Avid readers will have noticed a gap in the narrative. Non avid readers will have noticed nothing, so just skip this paragraph. Oops. Too late.
Our trip from the Milan apartment to Anthony and Jayne's place in Dubai was smooth and easy. Giancarlo dropped us to the airport. We had already done on line check in, so the only obstacle was dealing with a single scanner for all the luggage getting to the departure gates. The Emirates lounge was quiet and beautifully stocked so our wait passed comfortably, and in no time we were seated in business class thanks to Anthony's family concession. It could become addictive.
Dubai airport seemed deserted (perhaps a good image given its location!). No trouble getting a cab - a very skilled woman driver who knew where she was going and managed the multi lane 120kph motorway with skill. We knew A and J would likely be out, so just let ourselves in. In about 20 minutes they arrived with the boys - Sophie was at a sleep over. We chatted until we faded and hit the sack. Thanks for the room, Sophie.
We rose in leisurely fashion on Saturday, and Anthony gave us a tour of the local area as we picked up the boys from swimming. Next stop was the Dubai Offshore Sailing Club where A and J are members where we had breakfast/number 2 brunch. We were able to sit outside- the breeze made it bearable- about 35 degrees. Driving around we were constantly struck by the massive growth, and the almost absurd reality of so much development and so much artificially maintained green in the middle of nowhere. As the day went on we began to appreciate just what an artificial construct this place is. Emiratis, middle class and wealthy expats, and the immigrant workers from the subcontinent and Philippines make for a complex social structure. Separate compounds - like Silicon Oasis where A and J live with a boom gate and security guard. A re-creation of western type suburban life in the Middle East. Tracts of desert and scrub. The Academic city with a swathe of universities and campuses. Multi lane highways. Skyscrapers- some, things of great beauty, others not so. Massive shopping malls with every exclusive brand known to humanity. Space age metro. Air conditioned bus shelters (!). The heat. The haze. The Dubai Mall with its own acquarium and zoo. So much for first impressions.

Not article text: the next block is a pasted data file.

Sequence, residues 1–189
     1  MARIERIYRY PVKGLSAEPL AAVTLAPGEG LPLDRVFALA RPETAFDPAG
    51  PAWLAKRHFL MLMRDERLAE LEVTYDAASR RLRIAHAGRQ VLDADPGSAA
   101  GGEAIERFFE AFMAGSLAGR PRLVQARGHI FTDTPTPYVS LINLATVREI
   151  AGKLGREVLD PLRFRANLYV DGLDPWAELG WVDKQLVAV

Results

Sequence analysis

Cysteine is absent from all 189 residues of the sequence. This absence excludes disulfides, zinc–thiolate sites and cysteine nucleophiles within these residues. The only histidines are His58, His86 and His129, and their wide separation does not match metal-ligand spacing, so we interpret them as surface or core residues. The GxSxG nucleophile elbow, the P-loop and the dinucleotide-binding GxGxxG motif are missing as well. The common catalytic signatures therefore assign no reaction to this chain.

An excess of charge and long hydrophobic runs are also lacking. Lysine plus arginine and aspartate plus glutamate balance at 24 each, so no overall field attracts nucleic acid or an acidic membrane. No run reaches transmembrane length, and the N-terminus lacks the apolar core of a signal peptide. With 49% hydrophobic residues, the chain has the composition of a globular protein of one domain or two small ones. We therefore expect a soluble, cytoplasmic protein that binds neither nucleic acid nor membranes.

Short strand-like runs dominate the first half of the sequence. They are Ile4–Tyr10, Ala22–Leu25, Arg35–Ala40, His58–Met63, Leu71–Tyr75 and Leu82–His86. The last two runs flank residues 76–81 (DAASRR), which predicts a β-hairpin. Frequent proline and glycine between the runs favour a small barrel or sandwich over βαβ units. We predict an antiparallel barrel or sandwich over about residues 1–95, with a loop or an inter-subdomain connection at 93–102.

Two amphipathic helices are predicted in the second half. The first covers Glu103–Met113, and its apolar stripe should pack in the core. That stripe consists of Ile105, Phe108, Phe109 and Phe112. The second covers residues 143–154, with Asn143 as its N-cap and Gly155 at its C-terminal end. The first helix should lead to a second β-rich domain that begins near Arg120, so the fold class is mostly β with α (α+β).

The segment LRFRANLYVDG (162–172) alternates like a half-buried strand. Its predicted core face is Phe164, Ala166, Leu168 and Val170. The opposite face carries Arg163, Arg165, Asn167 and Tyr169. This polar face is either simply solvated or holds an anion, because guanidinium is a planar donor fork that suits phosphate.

The best part of the day was catching up with A and J and Mark and Andrew. The boys continue to impress us with their maturity and their sense of humour. Sophie was still away. Anthony took us around the Dubai Mall when Jayne took the boys back home. The mall is a monument to conspicuous consumption. Vast air conditioned spaces house the big jewellers, the big fashion houses, the big everything.
After parting from Anthony we wandered around a little more then made our way through the long air conditioned tunnel to the Dubai Mall Metro- a good 10 minutes in pretty heavy crowds. We managed to get a ticket to Al Rigga, about 8 stops away and made it there with 5 minutes to spare before meeting our guide for the Frying Pan food tour. Jayne had suggested we book this in advance, so it was all set when we met our guide, Arva, an Indian woman who had started this business a few years ago. We had a group made up of another Aussie, a couple of Kiwis, an Aussie originally from Roumania ,5 Scots and a guy who said he was from Singapore, but sounded very Aussie.
We spent the next five hours in visiting restaurants, bakeries, take away places and spice shops and sampling all the way. Palestinian food, Iraqi food, Iranian spices, Lebanese pastries, Emirati dining in a tented and catered restaurant and an Iranian restaurant with an oven filled with pebbles. All with a very lively and informed commentary and a pleasant group of partners.
We finished about 11, flagged down a cab and then found that he had only the vaguest notion of where we wanted to go. After both phoning a friend and stopping for help from another cabbie, he finally got us home around midnight.